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Our4boys 08-06-2010 09:02 AM

Pool bonding grid
 
i have installed a new inground pool. the cement is poured and done... I forgot to use a bonding wire to the pool walls... HELP! where can i attach a bonding wire?

Speedy Petey 08-06-2010 10:23 AM

Quote:

Originally Posted by Our4boys (Post 481342)
... I forgot to use a bonding wire to the pool walls... HELP! where can i attach a bonding wire?

Break up the concrete and attach to the walls like you were supposed to. And the wet niche. And the ladder cups. And the hand rail cups. And the surface grid. Etc... Etc....

frenchelectrican 08-06-2010 10:28 AM

Ya have to knock the part of concrete to get into the rebar and you have to bring the bonding conductor out to the wet niche luminiare , pool ladders, pool pump and few others.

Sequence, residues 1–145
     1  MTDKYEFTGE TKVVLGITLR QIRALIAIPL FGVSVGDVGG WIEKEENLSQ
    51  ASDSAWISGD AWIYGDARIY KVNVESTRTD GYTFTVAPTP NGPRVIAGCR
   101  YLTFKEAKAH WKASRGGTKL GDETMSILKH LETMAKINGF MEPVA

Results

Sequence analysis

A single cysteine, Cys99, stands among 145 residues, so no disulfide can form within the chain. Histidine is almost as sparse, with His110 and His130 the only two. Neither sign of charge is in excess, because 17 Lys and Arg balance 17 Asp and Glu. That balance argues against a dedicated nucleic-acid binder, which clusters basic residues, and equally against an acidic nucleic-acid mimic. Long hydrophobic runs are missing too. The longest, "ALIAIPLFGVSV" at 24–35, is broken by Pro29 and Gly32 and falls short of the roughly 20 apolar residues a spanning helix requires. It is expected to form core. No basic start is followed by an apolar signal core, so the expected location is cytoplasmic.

You will have to check with the NEC code on this one it kinda long list but you must follow this to order to meet the NEC requirement.

And when you bring the power for pool pump and luminaires there are specfic part in the code you have to follow. { sorry the UF cable is NOT allowed on this useage }

Merci.
Marc

Proby 08-06-2010 10:41 AM

Quote:

Originally Posted by Speedy Petey (Post 481401)
Break up the concrete and attach to the walls like you were supposed to. And the wet niche. And the ladder cups. And the hand rail cups. And the surface grid. Etc... Etc....

And don't forget to bond the water too :laughing::laughing::laughing:

nap 08-06-2010 04:24 PM

Quote:

Originally Posted by Proby (Post 481417)
And don't forget to bond the water too :laughing::laughing::laughing:

if a person didn't know better, they might think you are joking because of the laughing smilies. Obviously we know that the water actually does have to be bonded as well.:thumbsup:

Stubbie 08-06-2010 05:16 PM

Quote:

Originally Posted by Speedy Petey (Post 481401)
Break up the concrete and attach to the walls like you were supposed to. And the wet niche. And the ladder cups. And the hand rail cups. And the surface grid. Etc... Etc....

I think the OP is recovering from his heart attack ...... :wink:

Proby 08-06-2010 05:21 PM

I found another post of his saying he was in Ontario.

nap 08-06-2010 05:43 PM

Quote: